Wiles SA, Nettleton PA, Black AE, Paul AA. The nutrient composition of some cooked dishes eaten in Britain. A supplementary food composition table. J Hum Nutr 1980; 34: 189–223.

    Google Scholar 

  28. 28.

    Southgate DAT. Determination of carbohydrates in foods. II. Unavailable carbohydrates. J Sci Food Agric 1969; 20: 331–5.

    Google Scholar 

  29. 29.

    US Department of Agriculture. Food Yields: Summarized by Different Stages of Preparation. Washington, DC: USDA, Agriculture Research Service, 1956: Agriculture Handbook No. 102.

    Google Scholar 

  30. 30.

    Breslow NE, Day NE. Statistical Methods in Cancer Research. Vol. 1. The Analysis of Case-control Studies. Lyon, France: International Agency for Research on Cancer, 1980, IARC Sci. Pub. No. 32.

    Google Scholar 

  31. 31.

    Kipnis V, Freedman L, Brown CC, Hartman A, Schatzkin A, Wacholder S. Interpretation of energy adjustment methods for nutritional epidemiology. Am J Epidemiol 1994; 137: 1376–80.

    Google Scholar 

  32. 32.

    Jain M, Howe GR, Harrison L, Miller AB. A study of the repeatability of dietary data over a seven year period. Am J Epidemiol 1989; 129: 422–9.

    Google Scholar 

  33. 33.

    Jain M, Howe GR, Johnson KC, Miller AB. Evaluation of a diet history questionnaire for epidemiologic studies. Am J Epidemiol 1980; 111: 212–9.

    Google Scholar 

  34. 34.

    Midgette AS, Baron JA, Rohan TE. Do cigarette smokers have diets that increase their risk of coronary heart disease and cancer? Am J Epidemiol 1993; 137: 521–9.

    Google Scholar 

  35. 35.

    Willett WC. Nutritional Epidemiology. New York, NY (USA): Oxford University Press, 1990: 250.

    Google Scholar 

  36. 36.

    Bullough WS. Mitotic activity and carcinogenesis. Br J Cancer 1950; 4: 329–36.

    Google Scholar 

  37. 37.

    Chandra RK. Immune response in overnutrition. Cancer Res 1981; 41: 3795–6.

    Google Scholar 

  38. 38.

    Forsum E, Hillman PE, Nesheim MC. Effect of energy restriction on total heat production, basal metabolic rate, and specific dynamic action of food rats. J Nutr 1981; 111: 1691–7.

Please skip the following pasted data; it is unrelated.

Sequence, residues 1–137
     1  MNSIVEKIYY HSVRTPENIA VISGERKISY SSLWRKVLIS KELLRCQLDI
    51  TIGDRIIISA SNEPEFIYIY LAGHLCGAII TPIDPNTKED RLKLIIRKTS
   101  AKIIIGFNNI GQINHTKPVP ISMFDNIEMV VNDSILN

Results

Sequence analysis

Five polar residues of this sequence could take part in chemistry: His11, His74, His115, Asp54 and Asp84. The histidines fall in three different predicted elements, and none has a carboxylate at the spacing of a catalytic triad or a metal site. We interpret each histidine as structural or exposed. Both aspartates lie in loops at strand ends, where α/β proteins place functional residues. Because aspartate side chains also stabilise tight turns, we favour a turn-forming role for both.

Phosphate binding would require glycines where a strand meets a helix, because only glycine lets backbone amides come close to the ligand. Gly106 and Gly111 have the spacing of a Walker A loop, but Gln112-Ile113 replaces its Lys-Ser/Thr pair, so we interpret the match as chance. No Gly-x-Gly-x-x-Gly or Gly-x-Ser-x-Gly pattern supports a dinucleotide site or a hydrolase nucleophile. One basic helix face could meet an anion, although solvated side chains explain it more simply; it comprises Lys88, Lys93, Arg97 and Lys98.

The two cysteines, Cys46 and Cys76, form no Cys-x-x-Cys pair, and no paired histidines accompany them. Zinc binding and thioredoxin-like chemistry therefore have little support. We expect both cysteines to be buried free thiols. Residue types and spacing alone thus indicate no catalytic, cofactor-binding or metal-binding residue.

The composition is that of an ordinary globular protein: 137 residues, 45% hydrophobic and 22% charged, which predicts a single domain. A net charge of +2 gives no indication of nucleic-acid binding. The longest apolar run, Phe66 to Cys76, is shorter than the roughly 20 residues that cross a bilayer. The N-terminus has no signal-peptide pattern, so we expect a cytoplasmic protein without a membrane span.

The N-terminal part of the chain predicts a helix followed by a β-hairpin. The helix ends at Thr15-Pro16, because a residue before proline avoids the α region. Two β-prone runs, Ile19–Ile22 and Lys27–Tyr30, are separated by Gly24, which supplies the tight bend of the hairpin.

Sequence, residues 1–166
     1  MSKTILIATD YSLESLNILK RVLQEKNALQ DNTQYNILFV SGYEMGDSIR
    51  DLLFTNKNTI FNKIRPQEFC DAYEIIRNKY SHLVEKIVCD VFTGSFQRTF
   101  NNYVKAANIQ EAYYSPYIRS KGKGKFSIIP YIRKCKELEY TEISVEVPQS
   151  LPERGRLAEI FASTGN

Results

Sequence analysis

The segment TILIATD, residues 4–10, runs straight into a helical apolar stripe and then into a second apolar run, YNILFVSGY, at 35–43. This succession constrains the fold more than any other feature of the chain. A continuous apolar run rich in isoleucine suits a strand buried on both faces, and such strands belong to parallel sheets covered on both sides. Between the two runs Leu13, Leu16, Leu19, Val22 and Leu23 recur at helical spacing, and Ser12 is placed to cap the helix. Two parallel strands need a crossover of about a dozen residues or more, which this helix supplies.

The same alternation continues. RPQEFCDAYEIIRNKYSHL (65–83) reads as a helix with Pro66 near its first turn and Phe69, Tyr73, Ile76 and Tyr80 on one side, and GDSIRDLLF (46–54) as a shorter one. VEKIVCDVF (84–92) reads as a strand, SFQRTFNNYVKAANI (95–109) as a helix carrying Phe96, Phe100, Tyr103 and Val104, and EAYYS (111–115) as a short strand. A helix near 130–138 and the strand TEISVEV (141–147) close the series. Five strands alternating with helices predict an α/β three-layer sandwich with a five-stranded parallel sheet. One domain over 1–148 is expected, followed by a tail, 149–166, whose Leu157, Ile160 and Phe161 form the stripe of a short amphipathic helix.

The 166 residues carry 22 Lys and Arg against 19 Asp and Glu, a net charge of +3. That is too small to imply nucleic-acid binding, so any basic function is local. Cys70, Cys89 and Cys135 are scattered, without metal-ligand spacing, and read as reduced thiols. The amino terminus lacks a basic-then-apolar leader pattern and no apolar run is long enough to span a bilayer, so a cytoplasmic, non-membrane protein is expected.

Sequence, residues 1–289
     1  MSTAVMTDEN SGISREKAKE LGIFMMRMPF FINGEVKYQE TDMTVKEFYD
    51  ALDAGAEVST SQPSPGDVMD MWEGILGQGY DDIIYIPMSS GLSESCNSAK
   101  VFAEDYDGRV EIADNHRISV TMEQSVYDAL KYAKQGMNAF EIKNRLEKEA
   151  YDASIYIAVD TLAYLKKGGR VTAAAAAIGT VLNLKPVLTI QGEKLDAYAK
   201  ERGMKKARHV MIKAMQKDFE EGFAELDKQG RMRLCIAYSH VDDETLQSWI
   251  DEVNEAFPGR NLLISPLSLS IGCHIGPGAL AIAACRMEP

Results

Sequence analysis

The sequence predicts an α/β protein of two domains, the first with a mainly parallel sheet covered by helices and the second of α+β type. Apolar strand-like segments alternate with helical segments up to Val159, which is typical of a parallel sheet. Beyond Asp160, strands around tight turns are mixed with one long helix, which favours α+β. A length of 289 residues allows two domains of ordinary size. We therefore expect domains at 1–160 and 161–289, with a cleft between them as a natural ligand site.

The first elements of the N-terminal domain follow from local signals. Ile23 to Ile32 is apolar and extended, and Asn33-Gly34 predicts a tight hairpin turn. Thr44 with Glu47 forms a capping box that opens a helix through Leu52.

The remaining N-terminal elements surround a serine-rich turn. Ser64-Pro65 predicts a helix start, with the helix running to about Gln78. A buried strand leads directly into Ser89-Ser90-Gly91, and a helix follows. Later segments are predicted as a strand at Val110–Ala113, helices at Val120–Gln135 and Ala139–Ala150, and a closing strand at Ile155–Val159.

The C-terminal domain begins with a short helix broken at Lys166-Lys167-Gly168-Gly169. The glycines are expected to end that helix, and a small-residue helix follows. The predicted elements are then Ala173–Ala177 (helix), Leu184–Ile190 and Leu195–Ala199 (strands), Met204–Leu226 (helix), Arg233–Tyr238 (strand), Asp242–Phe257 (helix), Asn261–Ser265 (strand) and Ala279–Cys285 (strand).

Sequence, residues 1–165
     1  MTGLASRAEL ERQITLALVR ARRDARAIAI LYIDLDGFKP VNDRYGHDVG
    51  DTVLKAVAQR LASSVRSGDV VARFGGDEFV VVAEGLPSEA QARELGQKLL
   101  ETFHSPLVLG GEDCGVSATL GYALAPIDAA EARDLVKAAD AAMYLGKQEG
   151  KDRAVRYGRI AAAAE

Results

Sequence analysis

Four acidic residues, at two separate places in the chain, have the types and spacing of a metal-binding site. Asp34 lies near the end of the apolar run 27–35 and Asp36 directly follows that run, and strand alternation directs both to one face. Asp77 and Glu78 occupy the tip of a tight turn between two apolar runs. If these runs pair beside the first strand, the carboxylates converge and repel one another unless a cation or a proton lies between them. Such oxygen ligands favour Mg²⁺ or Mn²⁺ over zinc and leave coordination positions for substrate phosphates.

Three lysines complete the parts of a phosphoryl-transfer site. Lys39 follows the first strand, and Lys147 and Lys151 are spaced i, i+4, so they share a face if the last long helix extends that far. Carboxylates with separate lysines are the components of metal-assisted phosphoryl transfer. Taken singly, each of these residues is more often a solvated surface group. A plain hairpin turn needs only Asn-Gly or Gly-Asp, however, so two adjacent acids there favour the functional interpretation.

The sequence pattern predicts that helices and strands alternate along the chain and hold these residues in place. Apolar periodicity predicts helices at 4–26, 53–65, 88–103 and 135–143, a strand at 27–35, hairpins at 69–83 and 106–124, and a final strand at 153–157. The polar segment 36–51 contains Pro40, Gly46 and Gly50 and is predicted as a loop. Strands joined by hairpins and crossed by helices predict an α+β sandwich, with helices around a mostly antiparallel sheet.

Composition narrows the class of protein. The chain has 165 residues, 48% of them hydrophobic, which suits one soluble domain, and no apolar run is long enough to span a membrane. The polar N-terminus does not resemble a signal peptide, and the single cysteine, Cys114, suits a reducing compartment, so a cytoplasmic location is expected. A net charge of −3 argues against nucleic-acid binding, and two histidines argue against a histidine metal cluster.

Google Scholar 

  39. 39.

    Gann PH, Hennekens CH, Spriggs FM, Grodstein F, Giovannuci EL, Stampfer MJ. Prospective study of plasma fatty acids and risk of prostate cancer. JNCI 1994; 86: 281–6.

    Google Scholar 

  40. 40.

    Rose DP, Connolly JM. Effects of fatty acids and eicosanoid synthesis inhibitors on the growth of two human prostate cancer cell lines. Prostate 1991; 18: 243–54.

    Google Scholar 

  41. 41.

    Moon RC. Comparative aspects of carotenoids and retinoids as chemopreventive agents for cancer. J Nutr 1989; 119: 127–34.

    Google Scholar 

  42. 42.

    Steinmetz KA, Potter JD. Vegetables, fruit, and cancer. II. Mechanisms. Cancer Causes Control 1991; 2: 427–42.

    Google Scholar 

Download references

Author information



Corresponding author

Correspondence to Thomas E. Rohan.

Rights and permissions

Reprints and Permissions

About this article

Cite this article

Rohan, T.E., Howe, G.R., David Burch, J. et al. Dietary factors and risk of prostate cancer: a case-control study in Ontario, Canada. Cancer Causes Control 6, 145–154 (1995).

Download citation

Key words

  • Canada
  • case-control study
  • diet
  • males
  • prostate cancer